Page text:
While you’re designing your study, it’s crucial that you define in advance the multiple comparisons method that you will use. Don’t try various methods, and then choose the one that produces the most favorable results. That’s data dredging, and it can lead to spurious findings. I’m using multiple post hoc tests on a single dataset to show how they differ, but that’s not an appropriate practice for a real study. Define your methodology in advance, including one post hoc analysis, before analyzing the data, and stick to it!
Key Takeaway: When it’s possible, compare a subset of groups to increase your statistical power.
Example of Using Dunnett’s Method to Compare Treatment Groups to a Control Group
If your study has a control group and several treatment groups, you might need to compare the treatment groups only to the control group.
Use Dunnett’s method when the following are true:
- Before the study, you know which group (control) you want to compare to all the other groups (treatments).
- You don’t need to compare the treatment groups to each other.
Let’s use Dunnett’s method with our example one-way ANOVA, but we’ll tweak the scenario slightly. Suppose we currently use Material A. We performed this experiment to compare the alternative materials (B, C, and D) to it. Material A will be our control group, while the other three are the treatments.
Using Dunnett’s method, we see that only the B – A difference is statistically significant because the interval does not include zero. Using Tukey’s method, this comparison was not significant. The additional power gained by making fewer comparisons came through for us. On the other hand, unlike Tukey’s method, Dunnett’s method does not find that the D – B difference is significant because it doesn’t compare the treatment groups to each other.
Example of Using Hsu’s MCB to Find the Strongest Material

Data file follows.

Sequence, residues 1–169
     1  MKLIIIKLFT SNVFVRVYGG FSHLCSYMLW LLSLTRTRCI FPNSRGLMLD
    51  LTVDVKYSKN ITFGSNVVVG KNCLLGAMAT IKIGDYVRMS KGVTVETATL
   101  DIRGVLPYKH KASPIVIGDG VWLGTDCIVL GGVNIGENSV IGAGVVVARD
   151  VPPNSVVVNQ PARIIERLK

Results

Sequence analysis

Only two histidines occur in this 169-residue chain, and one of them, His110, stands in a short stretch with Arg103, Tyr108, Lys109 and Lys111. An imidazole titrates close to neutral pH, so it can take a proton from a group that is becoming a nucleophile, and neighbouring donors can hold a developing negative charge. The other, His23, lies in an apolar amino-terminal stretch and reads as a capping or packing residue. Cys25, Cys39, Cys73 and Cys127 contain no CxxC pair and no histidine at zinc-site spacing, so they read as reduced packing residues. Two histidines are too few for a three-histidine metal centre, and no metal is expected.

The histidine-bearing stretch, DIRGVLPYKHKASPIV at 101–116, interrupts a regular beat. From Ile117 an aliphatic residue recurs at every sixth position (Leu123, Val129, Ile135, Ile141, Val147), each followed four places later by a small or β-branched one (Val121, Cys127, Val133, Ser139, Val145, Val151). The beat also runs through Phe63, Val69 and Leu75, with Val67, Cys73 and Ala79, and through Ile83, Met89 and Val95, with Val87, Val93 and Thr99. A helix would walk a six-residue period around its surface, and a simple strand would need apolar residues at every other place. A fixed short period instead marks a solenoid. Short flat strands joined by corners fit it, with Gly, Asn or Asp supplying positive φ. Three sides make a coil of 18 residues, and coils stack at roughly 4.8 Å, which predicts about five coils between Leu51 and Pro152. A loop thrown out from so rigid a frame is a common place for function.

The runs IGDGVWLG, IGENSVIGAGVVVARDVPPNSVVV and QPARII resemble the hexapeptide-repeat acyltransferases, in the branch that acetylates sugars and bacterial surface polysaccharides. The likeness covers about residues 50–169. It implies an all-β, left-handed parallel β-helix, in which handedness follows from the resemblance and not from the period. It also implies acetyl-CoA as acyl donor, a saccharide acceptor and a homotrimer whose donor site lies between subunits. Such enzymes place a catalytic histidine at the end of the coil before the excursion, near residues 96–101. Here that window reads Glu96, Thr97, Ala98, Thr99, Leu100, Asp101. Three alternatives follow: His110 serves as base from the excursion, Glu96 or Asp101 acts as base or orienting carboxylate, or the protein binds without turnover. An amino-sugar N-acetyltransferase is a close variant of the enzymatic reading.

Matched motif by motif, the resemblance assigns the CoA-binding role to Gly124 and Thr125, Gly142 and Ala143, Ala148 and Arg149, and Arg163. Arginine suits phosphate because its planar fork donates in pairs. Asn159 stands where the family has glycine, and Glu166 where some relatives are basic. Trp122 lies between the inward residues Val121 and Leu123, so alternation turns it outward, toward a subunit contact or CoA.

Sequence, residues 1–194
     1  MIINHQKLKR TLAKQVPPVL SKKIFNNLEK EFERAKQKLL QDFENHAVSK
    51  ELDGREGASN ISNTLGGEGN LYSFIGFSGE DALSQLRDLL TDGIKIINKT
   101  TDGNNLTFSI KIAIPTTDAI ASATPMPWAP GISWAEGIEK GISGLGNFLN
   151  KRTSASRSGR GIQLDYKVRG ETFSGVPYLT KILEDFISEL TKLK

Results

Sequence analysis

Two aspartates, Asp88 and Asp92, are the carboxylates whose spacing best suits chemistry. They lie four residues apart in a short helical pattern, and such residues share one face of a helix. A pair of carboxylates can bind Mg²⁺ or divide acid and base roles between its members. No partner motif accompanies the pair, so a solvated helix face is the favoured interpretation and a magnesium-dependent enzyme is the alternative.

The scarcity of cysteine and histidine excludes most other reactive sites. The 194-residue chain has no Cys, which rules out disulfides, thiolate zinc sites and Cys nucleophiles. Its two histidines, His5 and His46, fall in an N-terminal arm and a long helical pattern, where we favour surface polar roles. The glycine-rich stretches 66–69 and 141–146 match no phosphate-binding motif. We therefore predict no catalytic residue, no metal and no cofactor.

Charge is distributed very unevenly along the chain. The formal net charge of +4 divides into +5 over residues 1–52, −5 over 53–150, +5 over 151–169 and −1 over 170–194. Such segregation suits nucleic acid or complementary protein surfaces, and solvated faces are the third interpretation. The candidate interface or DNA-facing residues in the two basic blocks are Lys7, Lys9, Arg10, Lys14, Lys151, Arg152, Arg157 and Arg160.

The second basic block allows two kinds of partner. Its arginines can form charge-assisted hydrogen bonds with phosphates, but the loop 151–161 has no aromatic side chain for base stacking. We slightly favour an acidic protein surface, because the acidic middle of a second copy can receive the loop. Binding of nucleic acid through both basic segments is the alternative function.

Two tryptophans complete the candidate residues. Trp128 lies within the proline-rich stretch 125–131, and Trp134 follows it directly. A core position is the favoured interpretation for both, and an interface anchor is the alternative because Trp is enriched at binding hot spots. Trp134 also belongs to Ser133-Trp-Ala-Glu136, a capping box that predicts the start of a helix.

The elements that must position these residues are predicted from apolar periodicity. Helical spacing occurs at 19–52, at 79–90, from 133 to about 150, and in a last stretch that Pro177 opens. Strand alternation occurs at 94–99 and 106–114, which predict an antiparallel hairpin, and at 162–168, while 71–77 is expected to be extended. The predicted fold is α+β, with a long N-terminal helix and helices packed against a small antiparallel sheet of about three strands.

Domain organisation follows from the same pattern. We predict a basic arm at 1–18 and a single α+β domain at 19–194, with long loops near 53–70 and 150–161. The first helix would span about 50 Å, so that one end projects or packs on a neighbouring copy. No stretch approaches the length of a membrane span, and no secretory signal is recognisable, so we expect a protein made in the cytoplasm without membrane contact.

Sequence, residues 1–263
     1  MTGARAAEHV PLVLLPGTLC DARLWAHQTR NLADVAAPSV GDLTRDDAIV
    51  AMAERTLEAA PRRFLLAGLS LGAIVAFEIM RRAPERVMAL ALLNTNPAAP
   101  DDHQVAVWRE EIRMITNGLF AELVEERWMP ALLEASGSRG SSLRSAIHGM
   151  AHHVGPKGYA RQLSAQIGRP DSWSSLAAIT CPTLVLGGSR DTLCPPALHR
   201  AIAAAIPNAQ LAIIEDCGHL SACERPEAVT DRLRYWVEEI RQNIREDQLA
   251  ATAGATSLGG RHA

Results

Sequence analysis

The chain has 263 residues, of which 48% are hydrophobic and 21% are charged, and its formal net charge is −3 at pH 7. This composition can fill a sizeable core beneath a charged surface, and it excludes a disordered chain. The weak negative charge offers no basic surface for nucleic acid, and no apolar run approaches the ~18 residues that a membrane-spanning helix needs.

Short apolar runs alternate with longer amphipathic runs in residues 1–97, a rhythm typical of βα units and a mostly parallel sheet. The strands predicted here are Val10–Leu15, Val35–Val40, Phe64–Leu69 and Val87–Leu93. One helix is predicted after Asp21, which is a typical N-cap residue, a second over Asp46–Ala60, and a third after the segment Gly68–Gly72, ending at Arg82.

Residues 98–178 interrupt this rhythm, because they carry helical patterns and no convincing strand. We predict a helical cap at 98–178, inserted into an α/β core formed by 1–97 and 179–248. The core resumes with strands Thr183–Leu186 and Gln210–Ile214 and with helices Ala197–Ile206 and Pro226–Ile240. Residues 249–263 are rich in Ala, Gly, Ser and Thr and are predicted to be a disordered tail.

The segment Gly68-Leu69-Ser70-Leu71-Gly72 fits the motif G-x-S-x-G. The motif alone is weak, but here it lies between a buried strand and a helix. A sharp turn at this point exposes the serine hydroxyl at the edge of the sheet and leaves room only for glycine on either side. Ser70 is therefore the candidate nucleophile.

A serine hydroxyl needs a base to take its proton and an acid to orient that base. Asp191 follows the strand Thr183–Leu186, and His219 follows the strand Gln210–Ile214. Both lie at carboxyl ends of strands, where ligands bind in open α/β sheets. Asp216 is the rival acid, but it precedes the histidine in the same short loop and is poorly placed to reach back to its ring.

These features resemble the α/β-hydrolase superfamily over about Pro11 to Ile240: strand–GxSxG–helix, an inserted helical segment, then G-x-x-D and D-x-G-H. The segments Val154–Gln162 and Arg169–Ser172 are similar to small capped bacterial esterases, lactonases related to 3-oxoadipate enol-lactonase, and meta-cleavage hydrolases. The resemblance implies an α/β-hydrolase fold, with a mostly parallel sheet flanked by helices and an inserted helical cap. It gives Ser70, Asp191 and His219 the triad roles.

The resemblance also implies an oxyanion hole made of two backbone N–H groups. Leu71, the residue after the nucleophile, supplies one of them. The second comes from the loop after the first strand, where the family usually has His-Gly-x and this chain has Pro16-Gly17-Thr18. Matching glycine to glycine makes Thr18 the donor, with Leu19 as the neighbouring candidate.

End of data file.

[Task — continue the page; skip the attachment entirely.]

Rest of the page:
If your study’s goal is to identify the best group, you might not need to compare all possible groups. Hsu’s Multiple Comparisons to the Best (MCB) identifies the groups that are the best, insignificantly different from the best, and significantly different from the best.
Use Hsu’s MCB when you:
- Don’t know in advance which group you want to compare to all the other groups.
- Don’t need to compare groups that are not the best to other groups that are not the best.
- Can define “the best” as either the group with the highest mean or the lowest mean.
Hsu’s MCB compares each group to the group with the best mean (highest or lowest). Using this procedure, you might end up with several groups that are not significantly different than the best group. Keep in mind that the group that is truly best in the entire population might not have the best sample mean due to sampling error. The groups that are not significantly different from the best group might be as good as, or even better than, the group with the best sample mean.
Simultaneous Confidence Intervals for Hsu’s MCB
For our one-way ANOVA, we want to use the material that produces the strongest parts. Consequently, we’ll use Hsu’s MCB and define the highest mean as the best. We don’t care about all of the other possible comparisons.
Group D is the best group overall because it has the highest mean (41.07). The procedure compares D to all of the other groups. For Hsu’s MCB, a group is significantly better than another group when the confidence interval has zero as an endpoint. From the graph, we can see that Material D is significantly better than B and C. However, the A-D comparison contains zero, which indicates that A is not significantly different from the best.
Hsu’s MCB determines that the candidates for the best group are A and D. D has the highest sample mean and A is not significantly different from D. On the other hand, the procedure effectively rules out B and C from being the best.
Recap of Using Multiple Comparison Methods
In this blog post, you’ve seen how the omnibus ANOVA test determines whether means are different in general, but it does not identify specific group differences that are statistically significant.
If you obtain significant ANOVA results, use a post hoc test to explore the mean differences between pairs of groups.
You’ve also learned how controlling the experiment-wise error rate is a crucial function of these post hoc tests. These family error rates grow at a surprising rate!
Finally, if you don’t need to perform all pairwise comparisons, it’s worthwhile comparing only a subset because you’ll retain more statistical power.